Schizophrenia

Schizophrenia

Do music and schizophrenia has any connection? Well, a new study proves there is some connection between the two. According to a NIMHANS study, listening to Indian classical music has beneficial effects in improving the cognitive functions of patients with schizophrenia.

The study examined the effect of music listening on the amplitude and latency of P300 in schizophrenia patients. The study was led by associate professor in Neuropsychology and faculty in charge of Music Cognition Laboratory Dr Shantala Hegde and her team in the Music Cognition Laboratory of NIMHANS. 

The researchers examined the effect on 20 male patients of 18 to 45 age group and who were diagnosed with schizophrenia. For this, the patients from out-patient and in-patient clinical services of the hospital were selected. Patients listened to the researcher chosen, instrumental presentation of Raag-Bhoopali in the North-Indian-Classical-Music, for ten-minutes. All patients rated the music excerpt as a relaxing and positively valenced. 

The brain activity was recorded using the Electroencephalograph – (EEG) – Evoked Response Potential (ERP) method. 

According to Dr Hegde’s statement published in The Hindu, “This specific method is used to study how their attention improves when they listen to music known as P300. P300 is an indication of brain activity 300 milliseconds after a specific stimulus, indicating attention and working memory. Patients also showed improved reaction time and better performance on attention tasks after listening to music. There was an increase in amplitude in the electrodes in the temporal region.”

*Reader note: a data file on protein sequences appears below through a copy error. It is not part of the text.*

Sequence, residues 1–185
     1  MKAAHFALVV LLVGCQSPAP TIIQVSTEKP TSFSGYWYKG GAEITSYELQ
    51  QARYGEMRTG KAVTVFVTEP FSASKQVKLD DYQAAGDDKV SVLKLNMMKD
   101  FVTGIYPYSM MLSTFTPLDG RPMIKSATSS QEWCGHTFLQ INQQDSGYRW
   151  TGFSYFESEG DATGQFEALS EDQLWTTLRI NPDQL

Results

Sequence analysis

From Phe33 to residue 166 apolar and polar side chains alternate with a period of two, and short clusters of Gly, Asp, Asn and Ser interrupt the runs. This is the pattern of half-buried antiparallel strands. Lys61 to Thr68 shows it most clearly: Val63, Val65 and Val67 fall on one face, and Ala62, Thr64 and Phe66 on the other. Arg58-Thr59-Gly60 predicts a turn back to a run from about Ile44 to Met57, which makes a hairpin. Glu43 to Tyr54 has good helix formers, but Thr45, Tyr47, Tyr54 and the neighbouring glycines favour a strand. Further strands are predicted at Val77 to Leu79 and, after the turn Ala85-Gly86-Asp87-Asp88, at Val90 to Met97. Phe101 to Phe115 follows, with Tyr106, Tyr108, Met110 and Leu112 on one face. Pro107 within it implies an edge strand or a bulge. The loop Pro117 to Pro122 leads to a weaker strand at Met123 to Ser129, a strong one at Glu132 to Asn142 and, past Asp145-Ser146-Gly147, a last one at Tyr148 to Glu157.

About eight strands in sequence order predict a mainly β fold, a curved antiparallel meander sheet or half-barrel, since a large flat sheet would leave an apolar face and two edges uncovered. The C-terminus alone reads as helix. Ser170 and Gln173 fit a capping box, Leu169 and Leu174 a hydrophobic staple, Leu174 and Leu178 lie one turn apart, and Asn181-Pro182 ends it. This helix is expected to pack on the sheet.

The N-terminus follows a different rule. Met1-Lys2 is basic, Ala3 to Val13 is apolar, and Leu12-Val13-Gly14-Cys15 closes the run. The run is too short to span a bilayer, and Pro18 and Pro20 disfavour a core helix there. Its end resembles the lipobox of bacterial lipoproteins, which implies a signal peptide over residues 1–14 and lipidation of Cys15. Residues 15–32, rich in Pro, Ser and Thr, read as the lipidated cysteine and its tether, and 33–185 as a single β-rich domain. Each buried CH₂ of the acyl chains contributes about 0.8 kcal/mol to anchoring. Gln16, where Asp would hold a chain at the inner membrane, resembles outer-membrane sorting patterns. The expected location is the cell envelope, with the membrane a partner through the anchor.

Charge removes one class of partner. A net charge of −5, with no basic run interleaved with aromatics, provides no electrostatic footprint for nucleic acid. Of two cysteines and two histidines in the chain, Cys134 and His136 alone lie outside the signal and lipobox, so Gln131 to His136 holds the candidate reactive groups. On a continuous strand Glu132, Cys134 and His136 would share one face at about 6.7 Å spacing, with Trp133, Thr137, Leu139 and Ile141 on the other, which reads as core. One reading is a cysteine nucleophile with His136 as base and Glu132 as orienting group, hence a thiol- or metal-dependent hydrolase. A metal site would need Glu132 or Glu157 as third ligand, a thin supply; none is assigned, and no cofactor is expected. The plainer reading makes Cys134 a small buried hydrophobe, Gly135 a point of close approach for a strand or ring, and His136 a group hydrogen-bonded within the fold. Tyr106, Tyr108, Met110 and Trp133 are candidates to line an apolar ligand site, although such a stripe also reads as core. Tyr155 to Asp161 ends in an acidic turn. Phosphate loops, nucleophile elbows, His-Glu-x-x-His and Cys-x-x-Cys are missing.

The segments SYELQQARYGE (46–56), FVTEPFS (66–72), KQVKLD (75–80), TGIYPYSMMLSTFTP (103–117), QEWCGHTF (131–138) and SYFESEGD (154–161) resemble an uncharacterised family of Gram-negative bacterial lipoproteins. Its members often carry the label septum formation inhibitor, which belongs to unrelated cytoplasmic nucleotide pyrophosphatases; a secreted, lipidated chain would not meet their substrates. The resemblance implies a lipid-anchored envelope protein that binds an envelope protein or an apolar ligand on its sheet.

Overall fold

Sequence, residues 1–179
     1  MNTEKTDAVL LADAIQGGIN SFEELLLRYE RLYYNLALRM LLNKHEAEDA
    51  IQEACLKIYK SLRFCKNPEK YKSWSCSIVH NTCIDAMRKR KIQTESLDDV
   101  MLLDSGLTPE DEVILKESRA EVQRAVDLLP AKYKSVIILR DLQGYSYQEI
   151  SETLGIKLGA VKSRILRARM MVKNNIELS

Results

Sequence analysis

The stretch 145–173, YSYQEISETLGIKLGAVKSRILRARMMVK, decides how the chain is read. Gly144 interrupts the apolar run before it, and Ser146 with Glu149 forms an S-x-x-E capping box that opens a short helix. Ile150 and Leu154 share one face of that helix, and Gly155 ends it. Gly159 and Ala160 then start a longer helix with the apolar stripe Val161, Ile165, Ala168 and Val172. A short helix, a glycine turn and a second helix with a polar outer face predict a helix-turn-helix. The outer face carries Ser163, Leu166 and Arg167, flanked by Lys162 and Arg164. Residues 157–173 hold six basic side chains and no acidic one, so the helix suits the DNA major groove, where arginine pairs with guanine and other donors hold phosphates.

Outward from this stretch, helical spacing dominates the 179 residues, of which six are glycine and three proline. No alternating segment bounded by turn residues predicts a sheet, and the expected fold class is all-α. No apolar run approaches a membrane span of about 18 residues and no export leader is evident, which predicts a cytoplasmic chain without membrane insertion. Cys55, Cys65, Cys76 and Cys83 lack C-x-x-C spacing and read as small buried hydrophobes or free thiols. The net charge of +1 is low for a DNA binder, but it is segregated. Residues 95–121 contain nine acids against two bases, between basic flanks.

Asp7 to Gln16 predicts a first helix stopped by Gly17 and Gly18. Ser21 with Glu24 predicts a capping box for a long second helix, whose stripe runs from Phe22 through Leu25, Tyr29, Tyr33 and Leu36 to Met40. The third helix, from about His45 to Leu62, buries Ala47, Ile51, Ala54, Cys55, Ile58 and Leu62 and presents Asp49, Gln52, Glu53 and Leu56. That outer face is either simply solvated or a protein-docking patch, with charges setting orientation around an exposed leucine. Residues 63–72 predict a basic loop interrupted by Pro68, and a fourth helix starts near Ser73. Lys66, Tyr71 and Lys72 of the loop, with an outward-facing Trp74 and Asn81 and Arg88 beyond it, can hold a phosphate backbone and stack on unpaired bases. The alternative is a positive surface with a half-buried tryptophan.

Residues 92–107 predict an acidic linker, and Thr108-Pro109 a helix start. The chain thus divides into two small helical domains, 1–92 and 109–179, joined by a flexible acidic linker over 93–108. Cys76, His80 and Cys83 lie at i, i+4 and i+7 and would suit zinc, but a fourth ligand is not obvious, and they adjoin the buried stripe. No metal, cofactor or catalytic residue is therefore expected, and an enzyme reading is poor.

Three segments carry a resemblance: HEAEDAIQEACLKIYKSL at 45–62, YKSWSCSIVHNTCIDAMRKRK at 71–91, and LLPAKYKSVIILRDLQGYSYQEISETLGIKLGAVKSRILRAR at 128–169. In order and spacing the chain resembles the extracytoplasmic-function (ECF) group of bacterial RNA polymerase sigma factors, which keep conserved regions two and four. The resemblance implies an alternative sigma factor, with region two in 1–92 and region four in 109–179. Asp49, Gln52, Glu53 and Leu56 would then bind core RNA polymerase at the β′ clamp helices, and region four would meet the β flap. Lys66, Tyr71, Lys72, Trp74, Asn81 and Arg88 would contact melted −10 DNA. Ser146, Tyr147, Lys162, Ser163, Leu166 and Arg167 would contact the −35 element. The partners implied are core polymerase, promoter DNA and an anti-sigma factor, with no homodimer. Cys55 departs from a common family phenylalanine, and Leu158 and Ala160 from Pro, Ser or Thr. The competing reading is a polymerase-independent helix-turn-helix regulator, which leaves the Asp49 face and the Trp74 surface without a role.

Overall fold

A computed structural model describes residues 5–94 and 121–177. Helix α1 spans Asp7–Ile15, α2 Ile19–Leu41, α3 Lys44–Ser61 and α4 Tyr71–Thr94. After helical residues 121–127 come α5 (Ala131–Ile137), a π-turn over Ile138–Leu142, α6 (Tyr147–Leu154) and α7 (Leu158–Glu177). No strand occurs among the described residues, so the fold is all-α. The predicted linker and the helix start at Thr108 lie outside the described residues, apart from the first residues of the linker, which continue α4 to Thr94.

Patients showed a significant increase in accuracy score and reaction time during the oddball task after music listening. A trend of increased amplitude was noted across all electrodes in the music condition compared to the rest condition. Mean amplitude in an apriori defined time window of interest (250 to 750 ms) showed significant changes in the frontal and central electrode sites.

Researchers say that this was the first of its kind study. The study titled “Effect of music listening on P300 event-related potential in patients with schizophrenia: A pilot study” was recently published in Schizophrenia Research. 

Source: 1. https://www.ncbi.nlm.nih.gov/pubmed/31924375

2. The Hindu